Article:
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Classical - Released January 1, 2008 | Deutsche Grammophon (DG)

Booklet Distinctions Choc du Monde de la Musique - 9 de Classica-Répertoire
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Classical - Released January 1, 2013 | Deutsche Grammophon Classics

Hi-Res Booklet Distinctions Hi-Res Audio
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Classical - Released November 18, 2010 | Deutsche Grammophon (DG)

Hi-Res Booklet Distinctions Hi-Res Audio
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Classical - Released October 18, 2010 | Deutsche Grammophon (DG)

Hi-Res Distinctions Hi-Res Audio
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Solo Piano - Released September 21, 2018 | Deutsche Grammophon (DG)

Hi-Res Booklet
Music has been described as a way of saving that which has been lost: a simple but strong idea, and one which has influenced Hélène Grimaud's artistic expression.Her new album Memory deals with music's power to bring back to life the images of the past in the present, its ability to vividly and piercingly evoke a specific time and a place. It explores the essence of memory through a series of refined miniatures for piano. The choice of repertoire covers a vast, diverse range, from the reveries of Chopin and Debussy to the timeless, folky melodies of Valentin Silvestrov.  © Universal
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Classical - Released April 7, 2017 | Deutsche Grammophon (DG)

Booklet
This double-disc survey of Hélène Grimaud's recordings on Deutsche Grammophon presents high points of her career from 2004 to 2016 and samples a large repertoire that runs from Bach to Bartók. Grimaud's performance style, or the general perception of it, has been characterized by fluid tempos and lots of rubato, free use of dynamics, and passionate expressions, which give the impression of an excessively romantic personality. Yet Grimaud is more complex in her interpretations, and this collection covers aspects of her playing that are perhaps at odds with the received wisdom. In sampling the opening tracks, listeners may find that Grimaud's Bach is surprisingly wiry and resilient, her Beethoven is full-blooded, and her Bartók is whimsical and playful. Continuing through the track list, one encounters more surprises, such as her crisp Mozart, her internalized Chopin, her richly shaded Brahms, and so on, all running counter to the notion that Grimaud is one kind of pianist. The album's title, Perspectives, suggests that Grimaud has considered her subjects from many angles, and that her personality is subsumed by the music, in the moment, not arbitrarily forced through a single point of view. Grimaud has been at the top of her profession long enough to deserve this carefully considered retrospective, and it demonstrates aspects of her art that a less varied or narrower selection would conceal.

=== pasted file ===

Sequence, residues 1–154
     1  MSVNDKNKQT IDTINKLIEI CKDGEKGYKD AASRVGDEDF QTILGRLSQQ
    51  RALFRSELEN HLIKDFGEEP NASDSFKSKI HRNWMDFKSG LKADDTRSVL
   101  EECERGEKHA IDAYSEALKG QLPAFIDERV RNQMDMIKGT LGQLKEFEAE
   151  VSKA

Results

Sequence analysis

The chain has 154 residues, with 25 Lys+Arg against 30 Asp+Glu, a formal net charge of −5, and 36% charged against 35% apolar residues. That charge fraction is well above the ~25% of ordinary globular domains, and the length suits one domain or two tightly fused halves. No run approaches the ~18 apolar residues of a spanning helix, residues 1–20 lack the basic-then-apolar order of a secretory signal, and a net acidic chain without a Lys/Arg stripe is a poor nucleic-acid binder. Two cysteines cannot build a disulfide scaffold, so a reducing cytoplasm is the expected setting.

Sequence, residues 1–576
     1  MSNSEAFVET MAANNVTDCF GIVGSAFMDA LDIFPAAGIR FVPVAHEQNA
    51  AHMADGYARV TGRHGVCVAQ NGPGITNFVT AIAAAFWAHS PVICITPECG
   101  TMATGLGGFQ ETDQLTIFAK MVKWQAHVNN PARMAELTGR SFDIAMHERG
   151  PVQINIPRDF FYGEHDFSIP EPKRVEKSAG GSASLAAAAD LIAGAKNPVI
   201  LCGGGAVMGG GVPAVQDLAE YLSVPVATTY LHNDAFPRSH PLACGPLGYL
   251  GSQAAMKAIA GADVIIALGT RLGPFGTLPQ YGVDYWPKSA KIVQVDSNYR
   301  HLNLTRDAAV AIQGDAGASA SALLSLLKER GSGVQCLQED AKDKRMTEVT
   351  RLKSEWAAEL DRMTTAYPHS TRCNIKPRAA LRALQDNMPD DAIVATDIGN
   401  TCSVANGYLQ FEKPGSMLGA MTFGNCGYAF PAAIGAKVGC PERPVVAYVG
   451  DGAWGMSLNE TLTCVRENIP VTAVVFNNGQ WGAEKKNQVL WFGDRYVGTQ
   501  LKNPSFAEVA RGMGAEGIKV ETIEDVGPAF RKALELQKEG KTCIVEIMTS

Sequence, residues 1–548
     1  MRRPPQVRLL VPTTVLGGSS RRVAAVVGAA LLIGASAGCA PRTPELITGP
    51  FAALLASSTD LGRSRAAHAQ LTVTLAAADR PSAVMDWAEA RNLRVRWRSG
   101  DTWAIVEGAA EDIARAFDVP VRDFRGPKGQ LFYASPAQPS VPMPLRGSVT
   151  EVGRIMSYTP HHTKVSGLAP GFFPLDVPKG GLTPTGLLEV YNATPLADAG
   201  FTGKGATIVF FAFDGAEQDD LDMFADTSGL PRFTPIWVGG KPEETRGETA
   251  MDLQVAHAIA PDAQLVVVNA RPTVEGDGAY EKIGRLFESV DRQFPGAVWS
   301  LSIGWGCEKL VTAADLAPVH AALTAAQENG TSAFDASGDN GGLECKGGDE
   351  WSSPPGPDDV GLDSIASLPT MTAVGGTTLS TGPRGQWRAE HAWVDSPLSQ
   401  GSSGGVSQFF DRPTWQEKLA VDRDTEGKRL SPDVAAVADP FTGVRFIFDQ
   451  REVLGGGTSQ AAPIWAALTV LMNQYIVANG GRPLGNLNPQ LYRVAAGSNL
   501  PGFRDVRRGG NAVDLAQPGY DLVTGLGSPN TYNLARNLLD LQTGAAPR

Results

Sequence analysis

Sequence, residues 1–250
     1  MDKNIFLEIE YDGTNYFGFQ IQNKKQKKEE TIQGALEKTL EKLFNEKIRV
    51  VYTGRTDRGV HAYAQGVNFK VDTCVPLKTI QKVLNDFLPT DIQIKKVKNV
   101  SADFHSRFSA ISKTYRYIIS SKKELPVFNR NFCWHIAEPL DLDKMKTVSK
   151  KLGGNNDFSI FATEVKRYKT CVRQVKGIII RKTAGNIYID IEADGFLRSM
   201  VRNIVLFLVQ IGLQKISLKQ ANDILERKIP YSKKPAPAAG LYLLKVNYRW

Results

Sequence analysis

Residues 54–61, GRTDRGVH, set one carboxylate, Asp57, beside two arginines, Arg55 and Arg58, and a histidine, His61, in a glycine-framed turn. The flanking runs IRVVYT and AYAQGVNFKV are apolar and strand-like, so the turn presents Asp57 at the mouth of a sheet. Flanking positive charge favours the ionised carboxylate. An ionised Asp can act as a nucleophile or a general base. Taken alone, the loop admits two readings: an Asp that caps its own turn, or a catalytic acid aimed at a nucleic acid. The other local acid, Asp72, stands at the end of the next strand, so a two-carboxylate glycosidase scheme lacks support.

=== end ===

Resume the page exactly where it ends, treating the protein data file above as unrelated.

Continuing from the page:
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Classical - Released January 29, 2016 | Deutsche Grammophon (DG)

Hi-Res Booklet